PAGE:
Resurrecting the Forgotten 90s Ninja Gaiden Anime

Julien Neaves, Editor

Plot: Armed with his mystical Dragon Sword, ninja warrior Ryu Hayabusa joins with a dogged reporter, a private eye and an ex-mercenary to protect his girlfriend Irene Lew and combat a conspiracy to summon an ancient evil.

Context: One of the coolest parts of growing up in the late 80s and early 90s was playing video games on the Nintendo Entertainment System (NES). And one of the coolest NES franchises was Ninja Gaiden (Ninja Ryukenden in Japan, literally Legend of the Ninja Dragon Sword). During this time period ninjas were already soaring in popularity, so being a ninja-themed game was points right off the bat. And the trilogy of games also had rich and detailed stories with full cutscenes (the very first to do so) and totally addictive (if at times frustratingly difficult) action gameplay. Definitely a great one.


Fast forward to present day and I see a post about a 1991 Ninja Gaiden OVA (Original Video Animation) on Facebook group The Golden Age of Anime 70s 80s and 90s and I was like, “What?! I didn’t even know this existed!” It was released solely in Japan, which would explain why it is so little known in the West. As a huge fan of the NES series (FYI I like the original arcade version and have never tried the next gen games, though they look great) I just had to check it out. So, I found it on YouTube and gave it a looksee. With a mild SPOILER ALERT here’s my review:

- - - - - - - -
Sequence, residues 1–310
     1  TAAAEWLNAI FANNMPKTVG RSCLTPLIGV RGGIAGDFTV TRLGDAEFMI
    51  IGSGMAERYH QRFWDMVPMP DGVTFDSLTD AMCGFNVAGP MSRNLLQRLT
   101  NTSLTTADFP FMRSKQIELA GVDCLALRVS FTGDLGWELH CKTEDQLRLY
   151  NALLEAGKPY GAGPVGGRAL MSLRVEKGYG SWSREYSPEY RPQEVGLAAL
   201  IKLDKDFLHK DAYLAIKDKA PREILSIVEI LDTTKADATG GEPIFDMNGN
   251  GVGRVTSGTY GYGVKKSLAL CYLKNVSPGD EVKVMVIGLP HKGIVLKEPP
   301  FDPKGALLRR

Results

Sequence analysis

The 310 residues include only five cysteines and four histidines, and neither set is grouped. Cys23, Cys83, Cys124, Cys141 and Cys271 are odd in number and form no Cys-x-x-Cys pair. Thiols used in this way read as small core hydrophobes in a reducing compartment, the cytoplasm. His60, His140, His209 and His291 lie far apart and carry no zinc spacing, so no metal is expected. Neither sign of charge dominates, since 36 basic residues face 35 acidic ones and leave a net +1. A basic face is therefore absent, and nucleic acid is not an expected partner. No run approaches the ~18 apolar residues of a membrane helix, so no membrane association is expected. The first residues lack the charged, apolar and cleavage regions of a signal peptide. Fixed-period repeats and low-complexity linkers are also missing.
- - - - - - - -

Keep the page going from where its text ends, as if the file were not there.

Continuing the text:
Review: Those unfamiliar with the NES games may be wondering if knowledge of them is necessary to appreciate and enjoy the Ninja Gaiden OVA. And yes, reading minds through the internet is my mutant superpower. Please keep it secret. And to that concern, I would say game knowledge is not critical to enjoying the anime, though it is helpful. The main hero Ryu returns along with his love interest Irene and the character US Army Special Forces operative Robert T. Sturgeon from the second game Ninja Gaiden II: The Dark Sword of Chaos. And the story is set after the events of the second game, which saw Ryu prevent the warlord Ashtar and Evil Demon King Jaquio from using the titular sword to open a Realm of Chaos and unleashing an army of demons. And an artifact of an ancient evil called “The Demon” does feature as the film’s McGuffin. But new audiences should be able to follow the story along well enough to get by.